Last Sunday 5 December, the Jesuit Refugee Service Greece was invited to attend the Sunday Mass led by Pope Francis at the Megaro Mousikis in Athens, during his 3-day visit to Greece.
With over 2,000 people attending, Pope Francis led the ceremony in front of a packed hall and shared a message of justice and solidarity. During the homily, he called to show charity and stand along those that are inadequate, showing compassion. “Let us ask for the grace of hope, since hope revives our faith and rekindles our charity. It is for this hope that the deserts of today’s world are thirsting.”
Father Pierre, the responsible of the Jesuit Community in Athens, delivered a letter to the Pope in the name of JRS Greece, to express gratitude for the empathy shown towards refugees and forcibly displaced people arriving Greece. Together with the letter, the pontifex also given a gift with photos and drawings by the children of Magistories, a programme managed by JRS Greece for vulnerable minors that frequent the area of Victoria Square, where thousands of people live homeless in Athens; and was shown a newsletter prepared by the children of Pedro Arrupe, a non-formal education centre run by JRS Greece where vulnerable kids receive extra classes and support.
In return, Pope Francis awarded JRS Greece a medal as a sign of gratitude for the tireless work. An inspiration for JRS and allorganisations working on the front line, the Pope’s visit was an opportunity to reinstate JRS commitment to honouring human dignity and building a more inclusive world, where no one is left behind.
Pope Francis also travelled to the Mavrovouni tent camp on Lesbos, the largest camp in Greece, which he already visited in 2016 after almost one million people had landed on the Greek islands the year before. With numbers of asylum seekers crossing to Greece dropping, Moira appeared drastically different than during his first visit. The Pope said that “When human lives are in peril… national borders become irrelevant” and called the neglect of migrants the “shipwreck of civilisation”.
But in the past 5 years, conditions for millions of migrants in Greece have not improved. Reports from multiple sources have recorded serious allegations of Greek authorities conducting pushbacks on the borders, which partially accounts for the reduced number of arrivals. New EU-funded “Closed and Controlled” centres are being opened on the Greek islands, where refugees are to be detained with limited access to services. Overall, the Greek government is implementing a strict migration policy that has an enormous impact on the migrant community.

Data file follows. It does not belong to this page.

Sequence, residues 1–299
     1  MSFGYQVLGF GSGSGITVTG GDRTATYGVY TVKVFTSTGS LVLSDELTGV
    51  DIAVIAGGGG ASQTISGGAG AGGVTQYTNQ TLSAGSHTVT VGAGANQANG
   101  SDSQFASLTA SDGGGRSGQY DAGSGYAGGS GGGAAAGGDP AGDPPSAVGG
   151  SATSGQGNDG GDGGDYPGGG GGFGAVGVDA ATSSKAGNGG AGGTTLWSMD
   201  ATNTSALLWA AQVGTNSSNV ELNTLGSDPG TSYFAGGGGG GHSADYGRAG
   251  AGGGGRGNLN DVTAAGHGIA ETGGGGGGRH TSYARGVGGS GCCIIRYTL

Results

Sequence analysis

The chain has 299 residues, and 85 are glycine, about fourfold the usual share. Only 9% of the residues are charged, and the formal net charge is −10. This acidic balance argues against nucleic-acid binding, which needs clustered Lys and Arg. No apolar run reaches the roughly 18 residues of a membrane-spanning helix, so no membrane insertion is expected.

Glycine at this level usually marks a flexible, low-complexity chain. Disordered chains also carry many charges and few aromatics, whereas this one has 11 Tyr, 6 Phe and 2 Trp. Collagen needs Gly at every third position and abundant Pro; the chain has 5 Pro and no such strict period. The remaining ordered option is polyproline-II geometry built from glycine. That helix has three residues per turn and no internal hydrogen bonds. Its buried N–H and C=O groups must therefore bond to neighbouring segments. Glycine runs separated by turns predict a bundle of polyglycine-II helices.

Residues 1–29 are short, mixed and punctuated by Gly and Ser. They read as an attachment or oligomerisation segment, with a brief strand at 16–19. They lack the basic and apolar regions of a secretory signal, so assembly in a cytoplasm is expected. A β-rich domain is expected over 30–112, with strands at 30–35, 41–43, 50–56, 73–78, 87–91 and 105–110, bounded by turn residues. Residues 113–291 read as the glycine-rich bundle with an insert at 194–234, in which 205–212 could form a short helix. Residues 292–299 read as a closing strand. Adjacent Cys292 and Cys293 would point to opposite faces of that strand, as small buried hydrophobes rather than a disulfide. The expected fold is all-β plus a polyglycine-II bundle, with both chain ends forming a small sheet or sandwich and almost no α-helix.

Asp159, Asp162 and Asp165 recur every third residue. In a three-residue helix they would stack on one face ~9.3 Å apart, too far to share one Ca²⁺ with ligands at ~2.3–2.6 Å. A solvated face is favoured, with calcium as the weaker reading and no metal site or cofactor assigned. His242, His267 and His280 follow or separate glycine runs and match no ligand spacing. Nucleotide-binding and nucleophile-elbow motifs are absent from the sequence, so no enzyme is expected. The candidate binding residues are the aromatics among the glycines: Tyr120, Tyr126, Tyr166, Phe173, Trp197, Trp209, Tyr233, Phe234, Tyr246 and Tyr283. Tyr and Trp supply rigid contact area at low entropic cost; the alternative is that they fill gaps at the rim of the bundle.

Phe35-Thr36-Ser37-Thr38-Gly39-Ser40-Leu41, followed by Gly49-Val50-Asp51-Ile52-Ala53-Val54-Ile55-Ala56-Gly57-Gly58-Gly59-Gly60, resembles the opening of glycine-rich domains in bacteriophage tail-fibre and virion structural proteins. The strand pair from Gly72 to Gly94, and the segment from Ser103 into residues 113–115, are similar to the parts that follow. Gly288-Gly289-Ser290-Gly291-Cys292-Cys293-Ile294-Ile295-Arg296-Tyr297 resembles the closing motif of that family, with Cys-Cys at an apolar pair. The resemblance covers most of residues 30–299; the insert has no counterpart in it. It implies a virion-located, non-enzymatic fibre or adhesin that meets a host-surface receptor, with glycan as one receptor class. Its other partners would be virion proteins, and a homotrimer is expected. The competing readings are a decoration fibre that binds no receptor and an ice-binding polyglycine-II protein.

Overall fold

JRS Greece joined over 36 other Greek organisations and signed a letter, directed to Pope Francis, expressing concern regarding recent developments on the refugee crisis and the European response. Condemning EU States for forgoing their responsibilities towards people seeking international protection, against European and Christian values, the letter asks the Pontifex to deploy his influence to:
- Condemn European countries for deals with Third Countries, such as Turkey, which exchanges financial compensation with duties on international protection, shifting responsibility and hindering the safety of forcibly displaced people;
- Call on the Greek State to formulate a plan for the integration of refugees; at the same time asking the EU to introduce a mandatory relocation plan, acting in solidarity with border countries;
- Condemn illegal pushbacks of people back to Turkey and all human rights violation on European borders; calls for the establishment of an independent border monitoring mechanism to investigate these incidents;
- Condemn the establishment of “Closed and Controlled” centres on the Greek islands, which deprive people of their freedom and hinder their integration; instead, call for their radical reform;
Read the full letter: Letter for His Holiness